To identify Young’s remains, scientists from DPAA and AFDIL used circumstantial evidence and forensic identification tools, including, mitochondrial DNA, which matched Young’s sister.
To identify Moore’s remains, scientists from DPAA and AFDIL used circumstantial evidence and forensic identification tools, including, mitochondrial DNA, which matched Moore’s niece and grand-niece.
To identify Bernier’s remains, scientists from DPAA and AFDIL used circumstantial evidence and forensic identification tools, including, mitochondrial DNA, which matched Bernier’s cousins.
To account for Poulsen and Copeland, scientists from DPAA used circumstantial evidence that placed them on the aircraft and accounted for as them as part of the group.
For additional information on the Defense Department’s mission to account for missing Americans, who went missing while serving our country, visit the DPAA website at www.dpaa.mil or call 703-699-1169.
DoD Identifies Army Casualties
The Department of Defense announced today the deaths of two soldiers who were supporting Operation Enduring Freedom.
They died Dec. 12, in Parwan Province, Afghanistan, of wounds suffered when the enemy attacked their vehicle with an improvised explosive device. These soldiers were assigned to 3rd Engineer Battalion, 3rd Brigade Combat Team, 1st Cavalry Division, Fort Hood, Texas.
By Amaani Lyle
WASHINGTON, Dec. 11, 2014 – The Defense Department released the quarterly suicide report for April through June of 2014, and the numbers, officials said, indicate a drop from first-quarter statistics for all services and components.
The second-quarter report summary showed 70 suicides among active duty service members, 14 suicides among Reserve component service members and 20 suicides among National Guardsmen.
In an off-camera briefing, Pentagon spokesman Army Col. Steve Warren reported comparison first quarter statistics of 74 active duty members, 24 Reservists and 22 National Guardsmen.
Possible Reasons for Decline in Suicides
Jacqueline Garrick, acting director of the Defense Suicide Prevention Office, said the decline could be attributable to the Defense Department’s vigilant efforts to better understand and identify at-risk service members and veterans, greater collaboration with the Department of Veterans Affairs, and increased peer-to-peer, online and telephone counseling resources.
“We’ve brought on qualified responders from the U.S. Department of Veterans Affairs, many who have served in the military themselves and who understand that way of life,” Garrick said, “and we’re evaluating training to develop core competencies for peer, command, clinical and pastoral requirements.”
Still, Garrick noted fear of career damage remains one of the major obstacles between veterans in crisis and the path to treatment and counseling.
“The goal is to eliminate the stigma of getting help,” she said. “So there’s been an increase in first-level, peer-to-peer groups, which have made a difference in enabling people who fear they may be jeopardizing their career to reach out for care.”
Other resources, Garrick said, include a 24-hour, 365-day-a-year crisis line, online chat, and text-messaging service for veterans and service members of all statuses.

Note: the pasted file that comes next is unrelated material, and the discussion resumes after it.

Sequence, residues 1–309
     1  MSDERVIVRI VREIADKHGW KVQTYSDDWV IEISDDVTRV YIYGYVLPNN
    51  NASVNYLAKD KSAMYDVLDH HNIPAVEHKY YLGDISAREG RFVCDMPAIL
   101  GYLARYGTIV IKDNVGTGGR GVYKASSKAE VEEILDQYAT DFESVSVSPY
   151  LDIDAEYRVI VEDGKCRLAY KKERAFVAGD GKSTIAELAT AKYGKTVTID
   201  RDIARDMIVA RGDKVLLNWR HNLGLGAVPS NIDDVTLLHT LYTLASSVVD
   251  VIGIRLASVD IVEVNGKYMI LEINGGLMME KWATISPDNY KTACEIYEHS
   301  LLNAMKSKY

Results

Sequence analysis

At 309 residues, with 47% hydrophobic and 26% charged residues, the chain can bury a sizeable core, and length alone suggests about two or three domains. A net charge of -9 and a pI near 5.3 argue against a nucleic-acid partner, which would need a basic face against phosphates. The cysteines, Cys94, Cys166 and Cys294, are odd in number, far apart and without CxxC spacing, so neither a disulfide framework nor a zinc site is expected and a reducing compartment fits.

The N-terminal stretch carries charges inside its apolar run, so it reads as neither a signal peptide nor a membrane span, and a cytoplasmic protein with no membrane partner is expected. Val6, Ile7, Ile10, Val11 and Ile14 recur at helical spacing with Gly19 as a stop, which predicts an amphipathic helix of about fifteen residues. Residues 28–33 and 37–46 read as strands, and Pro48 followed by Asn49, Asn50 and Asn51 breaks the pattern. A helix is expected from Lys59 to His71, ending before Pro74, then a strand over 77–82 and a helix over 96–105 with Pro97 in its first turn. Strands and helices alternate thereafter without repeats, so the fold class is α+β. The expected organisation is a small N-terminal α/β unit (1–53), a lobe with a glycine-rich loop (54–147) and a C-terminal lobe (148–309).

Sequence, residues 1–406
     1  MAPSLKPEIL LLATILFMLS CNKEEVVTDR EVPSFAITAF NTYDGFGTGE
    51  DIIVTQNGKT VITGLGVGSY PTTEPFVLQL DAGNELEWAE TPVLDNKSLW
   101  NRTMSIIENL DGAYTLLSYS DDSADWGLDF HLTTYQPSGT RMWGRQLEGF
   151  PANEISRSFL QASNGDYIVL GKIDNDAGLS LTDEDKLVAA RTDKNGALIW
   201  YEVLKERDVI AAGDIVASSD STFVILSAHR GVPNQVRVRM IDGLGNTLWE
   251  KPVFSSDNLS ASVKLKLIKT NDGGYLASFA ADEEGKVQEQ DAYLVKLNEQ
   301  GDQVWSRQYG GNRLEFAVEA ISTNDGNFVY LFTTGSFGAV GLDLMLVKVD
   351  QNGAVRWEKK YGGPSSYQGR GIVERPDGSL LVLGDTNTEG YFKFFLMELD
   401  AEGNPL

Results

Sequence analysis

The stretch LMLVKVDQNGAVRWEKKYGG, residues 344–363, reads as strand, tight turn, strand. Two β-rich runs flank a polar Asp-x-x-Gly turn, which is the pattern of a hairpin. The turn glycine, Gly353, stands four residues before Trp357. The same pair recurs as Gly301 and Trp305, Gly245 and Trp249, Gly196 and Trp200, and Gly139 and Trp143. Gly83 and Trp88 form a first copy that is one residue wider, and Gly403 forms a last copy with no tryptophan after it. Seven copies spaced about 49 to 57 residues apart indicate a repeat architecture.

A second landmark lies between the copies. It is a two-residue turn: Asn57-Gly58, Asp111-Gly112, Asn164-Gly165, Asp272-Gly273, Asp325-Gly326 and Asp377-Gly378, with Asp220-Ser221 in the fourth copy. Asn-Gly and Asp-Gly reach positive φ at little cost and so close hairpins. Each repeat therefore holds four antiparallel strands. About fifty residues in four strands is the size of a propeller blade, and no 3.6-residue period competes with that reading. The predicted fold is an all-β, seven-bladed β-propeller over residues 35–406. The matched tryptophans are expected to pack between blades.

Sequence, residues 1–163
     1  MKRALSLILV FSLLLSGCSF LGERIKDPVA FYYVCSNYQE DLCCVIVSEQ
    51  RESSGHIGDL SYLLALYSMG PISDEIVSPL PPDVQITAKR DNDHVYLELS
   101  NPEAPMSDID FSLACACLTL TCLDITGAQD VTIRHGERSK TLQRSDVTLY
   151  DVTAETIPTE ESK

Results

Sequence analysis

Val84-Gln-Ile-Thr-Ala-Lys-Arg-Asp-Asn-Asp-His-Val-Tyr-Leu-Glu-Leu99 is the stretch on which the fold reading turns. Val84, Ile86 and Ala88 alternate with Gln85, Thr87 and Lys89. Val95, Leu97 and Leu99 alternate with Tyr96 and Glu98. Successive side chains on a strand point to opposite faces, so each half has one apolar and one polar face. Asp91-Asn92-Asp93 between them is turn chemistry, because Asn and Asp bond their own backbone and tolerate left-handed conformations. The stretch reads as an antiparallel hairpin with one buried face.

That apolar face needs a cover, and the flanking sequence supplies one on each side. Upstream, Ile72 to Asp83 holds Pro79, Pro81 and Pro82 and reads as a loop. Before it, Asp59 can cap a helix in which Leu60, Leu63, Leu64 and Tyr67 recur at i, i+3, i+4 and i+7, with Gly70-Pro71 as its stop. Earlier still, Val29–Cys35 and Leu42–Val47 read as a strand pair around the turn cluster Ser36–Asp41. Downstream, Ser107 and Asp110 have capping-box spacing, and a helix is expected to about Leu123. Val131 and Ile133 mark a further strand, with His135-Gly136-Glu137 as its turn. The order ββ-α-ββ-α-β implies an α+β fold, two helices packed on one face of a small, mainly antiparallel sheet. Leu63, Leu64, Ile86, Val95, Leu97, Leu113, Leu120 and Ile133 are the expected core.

“This is free, confidential support for people who are having trouble, but also for people who want to help someone they see struggling,” she said.
Garrick noted that DoD and VA recognize the need to help transitioning service members, as some 250,000 separate or medically retire from the military each year.
“We’re developing a resiliency module for veterans training,” Garrick said. “We want to make sure when you see resources such as Military Crisis Line, Veterans Crisis Line and all that branding is the same, you begin to recognize that’s for you no matter what status you’re in.”
Suicide Factors, Overall Statistics
As the drawdown continues in Afghanistan, Garrick noted that while post-traumatic stress disorder is a common reaction to the rigors of deployments, recent wars are less relevant to current statistics than many realize.
“Just over half of service members who’ve attempted or died as a result of suicide have been deployed and less than 15 percent of that number had been in actual combat,” she said. “Far more common reasons for suicide are financial problems, relationship issues, depression or abuse.”
In 2010, the Centers for Disease Control listed suicide as the 10th leading cause of death in the United States. That year, there were 38,364 suicides — an average of 105 each day.
Garrick asserts that seeking help is a sign of strength, treatment works, and myriad resources remain available to current and former service members and their families.
“The problems that go unresolved only get worse and we know those have greater impacts on your life, your career, on your family,” she said. “So we would encourage anybody to intervene and act early – that’s the notion behind the power of one: everybody has the power to save a life.”
(Follow Amaani Lyle on Twitter: @LyleDODNews)
Department of Defense Releases Second Quarter Suicide Information
Military Crisis Line
The Defense Department on Facebook
The Defense Department on Twitter
DoD News on Facebook
DoD News on Twitter
DoD News Broadcast Channel
DoD Identifies Army Casualty
The Department of Defense announced today the death of a soldier who was supporting Operation Enduring Freedom.
He was assigned to 3rd Battalion, 7th Special Forces Group, Eglin Air Force Base, Florida.
The Department of Defense announced today the death of an Airman who was supporting Operation Inherent Resolve.
Capt. William H. Dubois, 30, of New Castle, Colorado, died Dec. 1 when his F-16 aircraft crashed near a coalition air base in the Middle East. He was assigned to the 77th Fighter Squadron, Shaw Air Force Base, South Carolina.
For more information media may contact the 20th Fighter Wing Public Affairs Office at 803-895-2019.
The Department of Defense announced today the death of two soldiers who were supporting Operation Enduring Freedom.
They died Nov. 24, in Kabul, Afghanistan, of wounds suffered when the enemy attacked their vehicle with a vehicle borne improvised explosive device.
Spc. Joseph W. Riley, 27, of Grove City, Ohio. He was assigned to 1st Battalion, 508th Parachute Infantry Regiment, 3rd Brigade Combat Team, 82nd Airborne Division, Fort Bragg, North Carolina.
For more information on Turner, contact the Fort Drum public affairs office at 315-772-8286, or at 315-523-4546.
For more information on Riley, contact the 82nd Airborne Division public affairs office during duty hours at 910-432-0661, or after duty hours at 910-309-5561, 910-309-3827, or 910-587-0278.